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March 11, 2003--In this issue:
1. COMMENTARY - Microsoft Adds Rights Management to Email
2. ANNOUNCEMENT - Start Your Spring Training with Windows & .NET Magazine Web Seminars!
3. RESOURCE - Tip: Converting Messages to Plain Text
4. NEW AND IMPROVED - Download News to Outlook Folders
5. CONTACT US See this section for a list of ways to contact us.
* MICROSOFT ADDS RIGHTS MANAGEMENT TO EMAIL
With Windows Server 2003 and Microsoft Office 2003 (the new official name of the next Office version), Microsoft will deliver a mechanism to control what happens to email messages after you send them. Until now, organizations and users who wanted to prevent messages from being forwarded, keep recipients from printing messages, or make messages unavailable after a certain period of time have needed to rely on third-party tools and services such as Authentica's MailRecall ( http://www.authentica.com ), Omniva Policy Systems' Policy Manager ( http://www.omniva.com ), ReadNotify ( http://www.readnotify.com ), and Sigaba ( http://www.sigaba.com ). Citing its Trustworthy Computing initiative and the need to protect the privacy of digital information, Microsoft has stepped into this product area, announcing that a new technology, Windows Rights Management Services (RMS), will be available in broad beta in second quarter 2003.
Microsoft is using Extensible Rights Markup Language (XrML) to build RMS as an ASP.NET Web service add-on for Windows 2003. According to the XrML.org Web site ( http://www.xrml.org ), Sony, Zinio Systems, OverDrive, Integrated Management Concepts (IMC), DMDsecure, and Contents Works are other early adopters planning to incorporate XrML into their products.
RMS will apply not just to email messages but also to Web portal content and company spreadsheets and other documents. An RMS-enabled application, such as Office 2003, will provide users a mechanism to set rights on a document or email message and encrypt the content. The application will obtain a signed license from the RMS server that will contain information about how the originator wants the information used. The application will then distribute the license with the file or message. When the recipient opens the file in an RMS-enabled application, that program will send the license and the recipient's credentials to the RMS server and will request a user license. After the RMS server validates the credentials and returns a user license, the application will display the document or message, enforcing whatever rights policies the originator set.
Most of the technical details, such as keys and licenses, will be transparent to the end user. RMS will support the definition of standard intra-enterprise policy templates, such as "company confidential" or "attorney-client privilege" templates. Logging will be able to track when the RMS server grants or denies license requests.
RMS-enabled document-authoring programs will also create an HTML rendition (using the .rmh file extension) of rights-managed documents and will distribute the .rmh version with the original file and rights license. Microsoft will also offer a rights-management update for Microsoft Internet Explorer (IE) running on Windows 98 Second Edition (Win98SE) or later, to let users work with rights-limited documents in the browser.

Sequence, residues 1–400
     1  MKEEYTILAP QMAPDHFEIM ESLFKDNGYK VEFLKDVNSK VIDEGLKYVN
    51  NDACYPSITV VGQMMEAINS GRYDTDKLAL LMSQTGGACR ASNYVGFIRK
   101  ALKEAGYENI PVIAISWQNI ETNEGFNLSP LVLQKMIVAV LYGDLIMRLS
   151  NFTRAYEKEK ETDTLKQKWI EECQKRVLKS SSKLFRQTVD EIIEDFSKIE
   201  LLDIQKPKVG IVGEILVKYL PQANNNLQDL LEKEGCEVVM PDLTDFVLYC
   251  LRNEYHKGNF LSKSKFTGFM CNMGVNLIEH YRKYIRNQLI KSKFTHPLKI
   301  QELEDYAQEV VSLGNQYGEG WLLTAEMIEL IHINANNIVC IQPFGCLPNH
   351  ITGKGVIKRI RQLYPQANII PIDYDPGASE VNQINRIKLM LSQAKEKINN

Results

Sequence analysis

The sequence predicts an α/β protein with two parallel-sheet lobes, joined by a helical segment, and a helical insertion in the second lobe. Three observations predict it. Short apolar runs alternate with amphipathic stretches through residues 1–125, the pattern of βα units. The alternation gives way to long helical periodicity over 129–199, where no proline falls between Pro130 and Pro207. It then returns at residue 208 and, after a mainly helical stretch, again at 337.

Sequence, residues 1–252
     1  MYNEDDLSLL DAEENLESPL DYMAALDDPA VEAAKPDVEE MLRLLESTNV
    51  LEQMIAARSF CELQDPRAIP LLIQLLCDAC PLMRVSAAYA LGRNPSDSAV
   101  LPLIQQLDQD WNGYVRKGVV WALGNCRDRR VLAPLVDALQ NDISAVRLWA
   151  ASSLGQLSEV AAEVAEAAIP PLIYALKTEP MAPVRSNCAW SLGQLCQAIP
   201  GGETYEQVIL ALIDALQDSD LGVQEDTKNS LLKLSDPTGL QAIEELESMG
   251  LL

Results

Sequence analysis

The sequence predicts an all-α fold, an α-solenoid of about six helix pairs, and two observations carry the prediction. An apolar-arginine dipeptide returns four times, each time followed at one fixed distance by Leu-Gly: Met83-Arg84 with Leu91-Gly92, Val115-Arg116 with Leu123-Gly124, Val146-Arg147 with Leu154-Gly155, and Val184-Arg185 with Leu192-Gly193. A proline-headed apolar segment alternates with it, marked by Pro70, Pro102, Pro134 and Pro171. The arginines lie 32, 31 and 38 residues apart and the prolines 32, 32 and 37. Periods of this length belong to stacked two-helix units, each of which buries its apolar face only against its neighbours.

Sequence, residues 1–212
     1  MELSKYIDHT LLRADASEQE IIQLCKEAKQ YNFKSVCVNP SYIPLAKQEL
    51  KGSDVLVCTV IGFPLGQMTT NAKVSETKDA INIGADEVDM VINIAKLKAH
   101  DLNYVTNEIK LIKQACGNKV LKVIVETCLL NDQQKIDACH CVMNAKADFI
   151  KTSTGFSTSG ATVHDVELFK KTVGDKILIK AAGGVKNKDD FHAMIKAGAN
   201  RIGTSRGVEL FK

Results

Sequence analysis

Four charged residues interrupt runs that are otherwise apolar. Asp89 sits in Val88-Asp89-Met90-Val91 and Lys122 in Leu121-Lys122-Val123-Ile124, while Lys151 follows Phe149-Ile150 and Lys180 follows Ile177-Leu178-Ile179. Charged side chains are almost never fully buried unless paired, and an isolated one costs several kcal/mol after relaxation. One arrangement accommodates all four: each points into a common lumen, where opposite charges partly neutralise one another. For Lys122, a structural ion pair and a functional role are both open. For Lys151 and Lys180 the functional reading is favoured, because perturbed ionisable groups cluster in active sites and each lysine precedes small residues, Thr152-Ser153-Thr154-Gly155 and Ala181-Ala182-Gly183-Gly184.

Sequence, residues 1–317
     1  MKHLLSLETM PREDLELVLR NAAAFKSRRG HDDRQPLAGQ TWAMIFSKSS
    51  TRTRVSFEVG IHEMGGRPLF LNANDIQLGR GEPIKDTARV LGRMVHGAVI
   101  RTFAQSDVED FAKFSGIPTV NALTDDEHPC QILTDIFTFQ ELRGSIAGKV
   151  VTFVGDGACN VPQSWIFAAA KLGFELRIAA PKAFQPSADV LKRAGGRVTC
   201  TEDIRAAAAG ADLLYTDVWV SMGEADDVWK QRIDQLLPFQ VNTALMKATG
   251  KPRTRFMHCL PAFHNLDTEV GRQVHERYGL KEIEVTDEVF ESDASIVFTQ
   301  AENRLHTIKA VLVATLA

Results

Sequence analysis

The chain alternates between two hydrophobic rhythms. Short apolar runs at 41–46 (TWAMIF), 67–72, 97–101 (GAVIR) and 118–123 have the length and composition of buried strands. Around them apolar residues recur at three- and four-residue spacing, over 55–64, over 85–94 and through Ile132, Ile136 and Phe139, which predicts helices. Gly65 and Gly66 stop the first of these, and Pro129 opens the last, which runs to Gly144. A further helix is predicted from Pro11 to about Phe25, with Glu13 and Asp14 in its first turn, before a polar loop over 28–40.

Although Microsoft intends RMS to operate primarily inside an enterprise, it will work outside the enterprise in at least some cases. Rights policies will travel with documents, so they'll remain secure even when transported outside the organization.
Developers should watch for the second-quarter release of two software development kits (SDKs), client and server, that will let developers build rights management into their solutions. On the server side, content management servers, portals, and other servers will be able to use Simple Object Access Protocol (SOAP) to communicate with the Web services on the RMS server, so those servers won't necessarily need to be Windows servers.
"Windows Adds Rights Management Protection for Enterprise Information" http://www.microsoft.com/windowsserver2003/rm
* START YOUR SPRING TRAINING WITH WINDOWS & .NET MAGAZINE WEB SEMINARS! March is a great time to strengthen your knowledge of security and Active Directory. Register today for one of our Web seminars, and find out what our experts know that could be saving you hours of time and your company bundles of money. Sign up now! http://www.winnetmag.com/seminars
* TIP: CONVERTING MESSAGES TO PLAIN TEXT
Q: I'm worried about viruses in HTML-format messages. Can I make Exchange Server or Outlook convert all incoming messages to plain text?
A: Many people must have requested this feature because Microsoft has added a registry entry in Office XP Service Pack 1 (SP1) that makes Outlook show all messages as plain text. Outlook still stores the HTML or Rich Text Format (RTF) content in the message (much the way Outlook doesn't delete blocked unsafe attachments but maintains the information in the message) but doesn't use the formatting when displaying the message. The Microsoft article "OL2002: Users Can Read Nonsecure E-mail as Plain Text" at http://support.microsoft.com/?kbid=307594 explains how to implement this new feature.
See the Exchange & Outlook Administrator Web site for more great tips from Sue Mosher. http://www.exchangeadmin.com
* DOWNLOAD NEWS TO OUTLOOK FOLDERS Reinacker & Associates released NewsGator, a news aggregator for Outlook that retrieves news from the sources you subscribe to and places it in designated Outlook folders, in which you can organize the news by source, date, or any other Outlook field. You can use one folder or create a folder hierarchy to save your news. NewsGator requires Outlook 2000 or later. Pricing is $29 per copy. Contact Reinacker & Associates at [email protected] http://www.newsgator.com
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